Callas’ ability to sing such a wide range of roles was one of the things that led to her meteoric rise. But criticcallasPiano Conrad Osborne says it also contained the seeds of her vocal decline. Callas’ voice was already starting to fail her by the time she was in her 40s — quite young for an opera singer. A number of factors, including a rapid loss of weight, may explain why. But Osborne, who also teaches voice, says Callas lacked the proper technique to sustain her ambitious repertoire.But for Callas fans like James Jorden, the diva more than made up for her vocal flaws with her talent for bringing the music to life. Her imperfections set her apart, and her ability to find the emotional meaning in a role was unsurpassed.  http://www.npr.org/templates/story/story.php?storyId=123612228

callasPosingBy the time of her retirement, she had performed more than 40 different roles and had recorded more than 20 complete operas. Callas’s personality and philosophy of performance are powerfully depicted in Terrence McNally’s play Master Class (first performed and published 1995), based on her classes at Juilliard.   http://www.britannica.com/biography/Maria-Callas

Daniel Barenboim: Born November 15, 1942

Official website~ http://danielbarenboim.com/

YoungBarenboim’s parents were both pianists, and his father, Enrique Barenboim, was also a noted music professor. The family moved from Argentina to Salzburg, Austria, when Daniel was nine and then on to Israel in 1952. Barenboim had already debuted as a pianist at age seven, and in Europe he became known as something of a child prodigy. He made his debut in London (with the Royal Philharmonic Orchestra) in 1956 and in the United States (at Carnegie Hall) in 1957…
Barenboim started conducting professionally in 1962, first in Israel and then in Australia with the Melbourne and Sydney symphony orchestras. He thereafter was guest conductor in several cities in European countries as well as in Israel and the United States. He served as music director of the Orchestre de Paris from 1975 to 1989. In 1987 he signed to become musical and artistic director of the new Bastille Opera in Paris, but he fell into disputes with representatives of the socialist government in Paris and was dismissed (in January 1989) before the first season was to commence, in 1990. Almost immediately, in January 1989, he accepted the post of music director of the Chicago Symphony Orchestra in succession to Sir Georg Solti.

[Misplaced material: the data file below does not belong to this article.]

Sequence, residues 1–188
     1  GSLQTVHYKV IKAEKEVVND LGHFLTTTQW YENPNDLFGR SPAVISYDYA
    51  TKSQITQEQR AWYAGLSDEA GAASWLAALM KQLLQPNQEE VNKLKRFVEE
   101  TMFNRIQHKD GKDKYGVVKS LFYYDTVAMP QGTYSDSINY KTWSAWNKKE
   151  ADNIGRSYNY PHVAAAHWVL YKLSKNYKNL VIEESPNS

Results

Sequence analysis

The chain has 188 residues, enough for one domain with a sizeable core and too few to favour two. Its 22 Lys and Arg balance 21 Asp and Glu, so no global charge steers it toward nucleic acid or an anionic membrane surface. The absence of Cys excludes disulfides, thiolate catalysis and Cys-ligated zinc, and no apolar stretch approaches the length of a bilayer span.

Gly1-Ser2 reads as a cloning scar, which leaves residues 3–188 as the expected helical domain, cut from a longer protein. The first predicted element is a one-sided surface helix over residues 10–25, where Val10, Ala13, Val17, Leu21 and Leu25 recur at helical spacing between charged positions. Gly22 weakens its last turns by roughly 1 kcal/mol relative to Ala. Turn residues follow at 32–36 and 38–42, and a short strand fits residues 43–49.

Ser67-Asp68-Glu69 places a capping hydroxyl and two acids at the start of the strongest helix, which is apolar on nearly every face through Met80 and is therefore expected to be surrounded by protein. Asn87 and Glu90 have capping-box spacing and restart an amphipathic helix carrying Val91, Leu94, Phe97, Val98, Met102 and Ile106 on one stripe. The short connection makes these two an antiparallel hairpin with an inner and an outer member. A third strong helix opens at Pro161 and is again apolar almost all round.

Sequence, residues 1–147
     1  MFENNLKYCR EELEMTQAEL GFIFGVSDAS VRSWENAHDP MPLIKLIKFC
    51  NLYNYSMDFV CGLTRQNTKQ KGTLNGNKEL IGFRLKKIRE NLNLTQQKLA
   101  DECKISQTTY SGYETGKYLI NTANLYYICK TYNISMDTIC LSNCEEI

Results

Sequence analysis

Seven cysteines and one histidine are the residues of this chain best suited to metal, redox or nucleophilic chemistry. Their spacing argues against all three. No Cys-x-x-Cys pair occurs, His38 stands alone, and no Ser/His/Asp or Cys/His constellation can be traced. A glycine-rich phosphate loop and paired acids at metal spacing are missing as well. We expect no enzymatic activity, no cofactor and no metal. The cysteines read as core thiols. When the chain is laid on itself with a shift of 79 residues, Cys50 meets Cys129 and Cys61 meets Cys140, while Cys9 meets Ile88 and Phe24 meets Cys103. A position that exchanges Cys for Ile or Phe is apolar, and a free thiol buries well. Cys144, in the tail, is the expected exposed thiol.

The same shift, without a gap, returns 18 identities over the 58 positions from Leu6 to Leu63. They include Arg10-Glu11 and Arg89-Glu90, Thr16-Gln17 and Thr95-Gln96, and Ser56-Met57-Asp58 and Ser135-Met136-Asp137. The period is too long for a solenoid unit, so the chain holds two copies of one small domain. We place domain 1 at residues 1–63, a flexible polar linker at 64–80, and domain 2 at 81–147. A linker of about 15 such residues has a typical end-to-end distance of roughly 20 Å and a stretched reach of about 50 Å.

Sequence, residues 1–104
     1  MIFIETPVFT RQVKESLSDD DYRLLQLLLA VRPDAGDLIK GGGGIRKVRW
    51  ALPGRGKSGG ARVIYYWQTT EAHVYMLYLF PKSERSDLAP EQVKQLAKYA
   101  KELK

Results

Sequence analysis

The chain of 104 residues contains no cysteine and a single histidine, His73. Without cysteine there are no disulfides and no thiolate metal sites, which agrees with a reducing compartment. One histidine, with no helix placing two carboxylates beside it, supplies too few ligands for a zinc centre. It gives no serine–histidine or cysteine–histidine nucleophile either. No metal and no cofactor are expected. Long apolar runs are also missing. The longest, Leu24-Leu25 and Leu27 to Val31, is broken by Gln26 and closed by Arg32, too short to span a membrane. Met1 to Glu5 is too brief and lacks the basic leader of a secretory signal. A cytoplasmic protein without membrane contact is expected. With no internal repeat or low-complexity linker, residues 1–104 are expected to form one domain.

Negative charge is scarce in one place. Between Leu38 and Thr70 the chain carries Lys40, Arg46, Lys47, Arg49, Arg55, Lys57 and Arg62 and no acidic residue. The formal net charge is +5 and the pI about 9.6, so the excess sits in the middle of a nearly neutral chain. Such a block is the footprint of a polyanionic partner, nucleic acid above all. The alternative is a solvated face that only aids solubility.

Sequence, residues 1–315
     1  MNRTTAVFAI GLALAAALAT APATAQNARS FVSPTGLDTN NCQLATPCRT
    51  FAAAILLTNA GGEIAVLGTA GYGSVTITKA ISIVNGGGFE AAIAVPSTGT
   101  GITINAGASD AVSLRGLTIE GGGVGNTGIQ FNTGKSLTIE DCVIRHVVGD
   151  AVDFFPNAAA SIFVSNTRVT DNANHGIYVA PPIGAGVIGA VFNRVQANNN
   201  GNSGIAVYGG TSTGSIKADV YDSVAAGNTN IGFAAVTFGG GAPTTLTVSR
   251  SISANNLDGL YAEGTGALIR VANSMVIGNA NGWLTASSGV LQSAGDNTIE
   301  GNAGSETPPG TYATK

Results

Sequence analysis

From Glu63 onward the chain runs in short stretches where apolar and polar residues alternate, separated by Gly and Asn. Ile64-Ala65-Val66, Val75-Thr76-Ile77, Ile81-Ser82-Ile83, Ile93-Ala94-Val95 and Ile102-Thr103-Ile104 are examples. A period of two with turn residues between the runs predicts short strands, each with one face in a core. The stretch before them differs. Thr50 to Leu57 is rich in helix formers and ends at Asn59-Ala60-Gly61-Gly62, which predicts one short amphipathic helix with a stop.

http://www.britannica.com/biography/Daniel-Barenboim

In 1999, together with the late Palestinian-born writer and Columbia University professor Edward Said, Barenboim founded the West-Eastern Divan workshop and orchestra, bringing together talented young musicians from the Arab countries of the Middle East, Israel and Spain to make music under the guidance of some of the world’s finest musicians, enabling dialogue between the various cultures of the Middle East. Musicians of the Berlin Staatskapelle have participated as teachers in the project since its inception. In summer 2005, the West-Eastern Divan Orchestra presented a concert of historic significance in the Palestinian city of Ramallah, which was telecast and recorded for DVD. Since then, Barenboim and the orchestra have toured extensively, including appearances at the festivals in Lucerne and Salzburg, the BBC Proms in London and making a debut in the United Arab Emirates. In June 2015 Barenboim celebrated the imminent opening of the future home of the Barenboim-Said Akademie in Berlin, an educational institution that will expand uponPortrait the vision of the West-Eastern Divan Orchestra. Barenboim also initiated a project for music education in the Palestinian territories, which includes a music kindergarten as well as a youth orchestra.
http://www.deutschegrammophon.com/us/artist/barenboim/biography

Barenboim Piano~
http://www.classicfm.com/artists/daniel-barenboim/news/new-piano-steinway/#TbfiilhDE6RcYGIi.97